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18 June 2024

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IMF approves use of reserve assets for ’hybrid’ financial instruments

BI Desk || BusinessInsider

Published: 12:45, 16 May 2024  
IMF approves use of reserve assets for ’hybrid’ financial instruments

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The IMF said Wednesday that its board had voted to allow member states' IMF-issued international reserve assets to be used by multilateral development banks (MDBs) to acquire financial instruments that would stretch their balance sheets further.

The International Monetary Fund said in a statement that the move would allow member states to let their Special Drawing Rights (SDRs) -- international reserve assets created by the Fund -- be used by MDBs to obtain so-called "hybrid capital" instruments.

These novel financial instruments combine both debt and equity in a way that would allow MDBs to stretch the amount they can lend for development projects.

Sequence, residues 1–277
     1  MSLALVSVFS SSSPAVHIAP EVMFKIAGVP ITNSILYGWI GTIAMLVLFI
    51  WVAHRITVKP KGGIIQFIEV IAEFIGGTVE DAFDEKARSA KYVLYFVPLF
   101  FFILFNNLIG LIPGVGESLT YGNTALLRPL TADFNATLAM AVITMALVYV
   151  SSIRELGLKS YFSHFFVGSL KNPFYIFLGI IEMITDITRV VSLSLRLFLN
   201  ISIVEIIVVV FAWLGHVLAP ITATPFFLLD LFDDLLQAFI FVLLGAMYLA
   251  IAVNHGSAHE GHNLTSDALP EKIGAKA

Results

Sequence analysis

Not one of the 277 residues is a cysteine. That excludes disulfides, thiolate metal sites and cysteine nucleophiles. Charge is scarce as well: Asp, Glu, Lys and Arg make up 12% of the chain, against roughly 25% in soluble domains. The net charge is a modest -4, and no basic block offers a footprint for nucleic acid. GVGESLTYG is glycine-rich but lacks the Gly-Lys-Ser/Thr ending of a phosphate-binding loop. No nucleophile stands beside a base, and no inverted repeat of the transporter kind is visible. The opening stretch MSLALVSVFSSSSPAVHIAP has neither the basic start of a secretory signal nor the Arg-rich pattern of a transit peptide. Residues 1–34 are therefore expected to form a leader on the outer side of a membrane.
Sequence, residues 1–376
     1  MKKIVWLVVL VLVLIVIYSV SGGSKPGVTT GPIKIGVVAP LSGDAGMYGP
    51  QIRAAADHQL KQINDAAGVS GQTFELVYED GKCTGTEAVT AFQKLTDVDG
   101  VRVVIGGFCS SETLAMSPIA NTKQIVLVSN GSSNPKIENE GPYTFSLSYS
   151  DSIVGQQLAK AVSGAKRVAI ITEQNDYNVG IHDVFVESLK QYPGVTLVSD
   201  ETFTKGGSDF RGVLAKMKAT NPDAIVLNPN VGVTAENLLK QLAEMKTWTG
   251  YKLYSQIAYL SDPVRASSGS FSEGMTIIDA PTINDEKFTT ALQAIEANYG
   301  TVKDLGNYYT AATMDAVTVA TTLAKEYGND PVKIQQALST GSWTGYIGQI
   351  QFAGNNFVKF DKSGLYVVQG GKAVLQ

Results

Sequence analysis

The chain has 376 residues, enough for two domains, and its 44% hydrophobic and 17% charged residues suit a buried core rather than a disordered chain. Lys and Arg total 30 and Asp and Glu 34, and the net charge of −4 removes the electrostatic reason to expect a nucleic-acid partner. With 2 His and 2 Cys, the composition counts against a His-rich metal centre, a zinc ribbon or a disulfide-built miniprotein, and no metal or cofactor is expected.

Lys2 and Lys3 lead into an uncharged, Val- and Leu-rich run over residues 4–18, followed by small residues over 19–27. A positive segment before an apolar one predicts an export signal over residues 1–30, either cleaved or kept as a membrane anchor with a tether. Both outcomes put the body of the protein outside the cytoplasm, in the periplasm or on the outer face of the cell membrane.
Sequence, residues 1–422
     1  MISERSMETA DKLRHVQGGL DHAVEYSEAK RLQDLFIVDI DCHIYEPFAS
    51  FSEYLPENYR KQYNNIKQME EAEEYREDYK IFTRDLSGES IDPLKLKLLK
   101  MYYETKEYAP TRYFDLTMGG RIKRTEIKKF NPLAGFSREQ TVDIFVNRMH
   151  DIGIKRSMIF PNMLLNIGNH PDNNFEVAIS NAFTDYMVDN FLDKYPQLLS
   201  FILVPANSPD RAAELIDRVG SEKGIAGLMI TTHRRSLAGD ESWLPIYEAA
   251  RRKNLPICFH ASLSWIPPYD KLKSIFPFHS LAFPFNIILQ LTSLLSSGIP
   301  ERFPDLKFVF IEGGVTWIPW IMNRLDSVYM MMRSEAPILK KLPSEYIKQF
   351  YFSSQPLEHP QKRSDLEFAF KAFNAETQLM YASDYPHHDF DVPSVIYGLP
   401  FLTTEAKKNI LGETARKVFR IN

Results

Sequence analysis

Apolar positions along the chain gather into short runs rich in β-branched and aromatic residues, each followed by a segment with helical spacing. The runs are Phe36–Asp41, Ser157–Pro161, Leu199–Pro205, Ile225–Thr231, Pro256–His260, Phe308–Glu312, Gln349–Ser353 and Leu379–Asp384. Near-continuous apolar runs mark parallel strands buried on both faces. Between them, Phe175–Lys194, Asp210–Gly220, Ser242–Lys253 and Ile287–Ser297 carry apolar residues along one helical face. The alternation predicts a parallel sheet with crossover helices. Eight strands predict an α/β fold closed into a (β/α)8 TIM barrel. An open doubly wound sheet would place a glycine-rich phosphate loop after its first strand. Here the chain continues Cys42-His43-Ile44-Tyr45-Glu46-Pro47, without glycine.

The board's decision, which it said was not unanimous, adds another use for SDRs, which can already be used by the IMF's 190 members to do things like settling obligations and loans.

The African Development Bank (AfDB) and the Inter-American Development Bank (IDB) welcomed the IMF's decision, which they said could leverage existing SDRs up to four times their current level, helping address global challenges like climate and food security.

"The international community now has at its disposal an innovative approach through which development financing can be mobilized with a multiplier effect and at no cost to taxpayers," African Development Bank President Akinwumi Adesina said.

The IMF said the new use of SDRs was subject to a cumulative cap of 15 billion SDRs (roughly $19.9 billion).

If that money is leveraged four times, as the IDB and the AfDB suggest, it could unlock close to $80 billion in additional lending capacity.

The IMF said the SDR cap of 15 billion "aims to mitigate potential liquidity risks in the SDR market."

It added that it would conduct a review of the new use of SDRs once cumulative hybrid capital contributions surpass SDR 10 billion (roughly $13.2 billion), or in two years' time, "whichever comes first."